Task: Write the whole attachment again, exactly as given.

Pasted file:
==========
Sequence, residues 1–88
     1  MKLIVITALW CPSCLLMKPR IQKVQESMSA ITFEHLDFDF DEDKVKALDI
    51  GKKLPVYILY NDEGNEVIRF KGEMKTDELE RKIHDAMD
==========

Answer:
Sequence, residues 1–88
     1  MKLIVITALW CPSCLLMKPR IQKVQESMSA ITFEHLDFDF DEDKVKALDI
    51  GKKLPVYILY NDEGNEVIRF KGEMKTDELE RKIHDAMD